1. Candlens Closing Price

A closer look at where in relation to the range that the candlestick closed, can help you understand what forces are currently controlling in a candlestick chart.

If the closing price is close to the highest quotation, it is a sign of a strong positive force.

Likewise, a closure near the lowest quotation is an indication that it is the sellers who are in control at the moment. To take an example, the closing price of a bullish engulfing, which is a positive signal, is close to the highs.

This shows that it is the buyers who have control.

If, on the other hand, you look at a bearish engulfing or dark cloud cover, the closing price of, for example, the share is close to the lowest listing, which indicates that it is the sellers who are in control at the moment.

Here is an example:

2. Gap

Gaps are important to keep track of, because what happens while the market is closed can provide us with strong clues as to which direction the market will move in the future.

A gap is simply when the market opens higher or lower than the closed one, which creates a gap in the price range. In addition to noting in which direction the gap occurs, you should also note whether the gap fills or not.

An open gap that is not filled signals that the market is not strong enough to fill the gap.

And of course, such an insight can help you in your market analysis.

How the candlesticks fit into the general market structure

Price movements often create different structures, or imminent patterns in the market.

Some patterns that many traders look at are the head-shoulder formation, double bottom and double top formations, triangles and wedges.

And depending on where a candlestick pattern arises in relation to these structures, it may be more or less relevant.

To take an example, a positive wrap formation on the right shoulder in a main-shoulder formation is not very relevant.

However, perhaps a negative cover formation would be something to keep your eyes open for!

To be completely honest, my experience is that graph patterns such as the head-shoulder formation do not work very well!

Be careful when incorporating things into your trading! The absolute best way to avoid using things that do not work is backtesting!

How time resolution affects candlesticks in a chart

As with any other type of signal, the reliability of a candlestick is very much affected by the time resolution you use.

A cover formation formed in the 1-minute chart is by no means as reliable as one in the daily chart.

In other words, higher time resolutions have higher reliability, and there are several reasons for this:

1. Higher time resolutions cover more transactions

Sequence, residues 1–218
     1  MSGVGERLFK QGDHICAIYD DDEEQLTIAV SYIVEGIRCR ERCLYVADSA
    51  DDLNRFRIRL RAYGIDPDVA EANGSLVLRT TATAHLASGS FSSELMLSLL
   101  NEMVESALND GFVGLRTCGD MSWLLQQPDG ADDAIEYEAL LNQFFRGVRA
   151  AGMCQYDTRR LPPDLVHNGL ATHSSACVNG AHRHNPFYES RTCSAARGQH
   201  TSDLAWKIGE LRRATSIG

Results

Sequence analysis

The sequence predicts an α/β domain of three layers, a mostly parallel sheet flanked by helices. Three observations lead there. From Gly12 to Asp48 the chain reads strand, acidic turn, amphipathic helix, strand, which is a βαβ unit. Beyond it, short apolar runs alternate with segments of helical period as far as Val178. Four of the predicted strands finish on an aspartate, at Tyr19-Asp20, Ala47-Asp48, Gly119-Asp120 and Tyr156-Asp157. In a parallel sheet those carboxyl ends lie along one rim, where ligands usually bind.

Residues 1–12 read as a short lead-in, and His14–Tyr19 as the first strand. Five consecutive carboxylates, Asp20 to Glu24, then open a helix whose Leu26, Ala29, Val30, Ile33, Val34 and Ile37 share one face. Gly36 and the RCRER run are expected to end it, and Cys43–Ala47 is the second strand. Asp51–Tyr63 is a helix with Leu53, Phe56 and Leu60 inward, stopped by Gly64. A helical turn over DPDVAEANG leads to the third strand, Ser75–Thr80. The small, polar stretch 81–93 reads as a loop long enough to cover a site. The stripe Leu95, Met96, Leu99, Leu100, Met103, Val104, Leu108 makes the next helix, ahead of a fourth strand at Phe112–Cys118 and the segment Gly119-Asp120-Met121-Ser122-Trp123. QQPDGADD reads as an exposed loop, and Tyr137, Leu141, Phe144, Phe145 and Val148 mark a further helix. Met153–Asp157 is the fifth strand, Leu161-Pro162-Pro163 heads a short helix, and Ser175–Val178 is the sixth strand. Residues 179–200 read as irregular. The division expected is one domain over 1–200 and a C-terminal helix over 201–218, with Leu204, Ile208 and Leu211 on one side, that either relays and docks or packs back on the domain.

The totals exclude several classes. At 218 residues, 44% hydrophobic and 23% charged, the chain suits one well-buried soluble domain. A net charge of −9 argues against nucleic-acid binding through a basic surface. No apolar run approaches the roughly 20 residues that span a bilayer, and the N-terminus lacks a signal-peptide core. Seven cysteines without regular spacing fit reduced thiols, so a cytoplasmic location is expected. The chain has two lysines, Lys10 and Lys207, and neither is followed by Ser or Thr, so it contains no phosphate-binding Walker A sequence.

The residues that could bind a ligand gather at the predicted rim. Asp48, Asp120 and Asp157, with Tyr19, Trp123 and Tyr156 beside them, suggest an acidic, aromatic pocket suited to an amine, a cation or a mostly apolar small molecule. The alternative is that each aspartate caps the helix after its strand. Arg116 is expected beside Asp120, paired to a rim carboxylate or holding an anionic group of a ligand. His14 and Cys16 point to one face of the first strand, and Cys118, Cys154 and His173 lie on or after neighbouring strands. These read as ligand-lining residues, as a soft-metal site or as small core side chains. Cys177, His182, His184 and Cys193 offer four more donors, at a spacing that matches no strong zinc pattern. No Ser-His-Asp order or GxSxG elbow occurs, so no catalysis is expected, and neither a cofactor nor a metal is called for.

Each candlestick represents all transactions in the market that took place during a certain period of time.

In other words, many more transactions take place in candlesticks that represent a longer period of time, which gives greater weight to what they show.

For example, 5 minutes may not be long enough to absorb a single order from an institutional player.

Over the course of a day, however, it is much more likely that even a large player will have time to make a lot of transactions, which increases the weight behind the signal given.

2. Higher time resolutions have less noise

What appears to be a large price movement in small bars may not even be enough to be noticed in the higher time resolutions.

A trend in the five-minute resolution could, for example, be a single candlestick in the 4-hour resolution.

Usually the shorter the intervals you use, the more noise there is!

3. Higher time resolutions show the trend much more clearly.

A higher time resolution has enough weight in itself to be able to chart a trend in the market, which may not be the case with lower time resolutions.


Summary / Brief History

There are countless forms of candlesticks and candlesticks formations with names like Hammer, Evening Star etc.

Some candlesticks have Japanese names, such as Harami candlesticks. This is because candlesticks were originally a Japanese invention that was already used a couple of hundred years ago to predict price movements in rice.

Since then, Steve Nison in particular has introduced the concept of use in modern technical analysis of the securities market in the book “Japanese Candlesticks Charting Techniques”.













This article has been reviewed by our editorial board and has been approved for publication in accordance with our editorial policies.